Tuesday, January 10, 2006

Annonymous Annoyance

Add that to the list of things the Federal government says you can not do.

According to this article, as an unrelated part of the 'Violence against Women' act (because we needed another law to make violence against women illegal), the Republican controlled congress passed, and the Small Govenrment Republican President signed into law, a provision that makes it a FEDERAL CRIME to 'annoy' someone on the internet without using your real name.
Buried deep in the new law is Sec. 113, an innocuously titled bit called "Preventing Cyberstalking." It rewrites existing telephone harassment law to prohibit anyone from using the Internet "without disclosing his identity and with intent to annoy."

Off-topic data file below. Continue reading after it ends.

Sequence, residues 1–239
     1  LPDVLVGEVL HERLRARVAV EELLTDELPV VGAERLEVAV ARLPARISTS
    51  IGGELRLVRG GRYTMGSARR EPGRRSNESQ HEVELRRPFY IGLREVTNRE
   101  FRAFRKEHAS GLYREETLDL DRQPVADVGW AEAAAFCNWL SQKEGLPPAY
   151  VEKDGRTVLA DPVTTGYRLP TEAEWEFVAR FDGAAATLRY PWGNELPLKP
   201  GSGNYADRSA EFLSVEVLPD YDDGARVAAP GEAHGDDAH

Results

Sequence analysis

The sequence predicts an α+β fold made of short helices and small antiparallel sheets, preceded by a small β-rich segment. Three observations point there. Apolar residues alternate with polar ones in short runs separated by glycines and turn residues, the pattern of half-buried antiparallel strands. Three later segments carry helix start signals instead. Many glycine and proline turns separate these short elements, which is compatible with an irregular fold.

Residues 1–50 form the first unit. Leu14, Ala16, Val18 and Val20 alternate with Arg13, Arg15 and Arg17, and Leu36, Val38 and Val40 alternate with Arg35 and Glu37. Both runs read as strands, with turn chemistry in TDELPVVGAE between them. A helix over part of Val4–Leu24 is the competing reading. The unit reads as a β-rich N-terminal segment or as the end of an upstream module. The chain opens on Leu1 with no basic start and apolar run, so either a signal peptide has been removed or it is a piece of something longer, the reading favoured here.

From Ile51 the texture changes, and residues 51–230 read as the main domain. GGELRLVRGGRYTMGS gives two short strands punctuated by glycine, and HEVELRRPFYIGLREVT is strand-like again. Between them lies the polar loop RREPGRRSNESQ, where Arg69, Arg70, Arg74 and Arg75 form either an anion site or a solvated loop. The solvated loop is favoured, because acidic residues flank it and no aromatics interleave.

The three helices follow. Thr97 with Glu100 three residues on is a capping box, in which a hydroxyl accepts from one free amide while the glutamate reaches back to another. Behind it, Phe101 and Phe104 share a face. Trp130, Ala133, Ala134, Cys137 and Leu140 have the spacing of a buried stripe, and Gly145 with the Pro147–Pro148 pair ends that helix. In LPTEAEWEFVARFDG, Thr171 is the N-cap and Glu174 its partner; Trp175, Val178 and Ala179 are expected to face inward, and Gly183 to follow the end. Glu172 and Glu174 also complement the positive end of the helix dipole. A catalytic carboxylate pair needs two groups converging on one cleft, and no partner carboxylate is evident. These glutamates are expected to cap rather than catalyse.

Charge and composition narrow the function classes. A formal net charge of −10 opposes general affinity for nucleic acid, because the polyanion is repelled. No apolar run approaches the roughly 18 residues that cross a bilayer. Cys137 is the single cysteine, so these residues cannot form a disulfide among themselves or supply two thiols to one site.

How did this happen? Are we still not bothering to read bills? Apparently.
To grease the rails for this idea, Sen. Arlen Specter, a Pennsylvania Republican, and the section's other sponsors slipped it into an unrelated, must-pass bill to fund the Department of Justice. The plan: to make it politically infeasible for politicians to oppose the measure.

The tactic worked. The bill cleared the House of Representatives by voice vote, and the Senate unanimously approved it Dec. 16.

One more attempted blow to the Constitution. We can only hope this ends up at the SCOTUS and they overturn it.

Usenet trolls beware. We can't find Osama, but you better believe we are coming for you.

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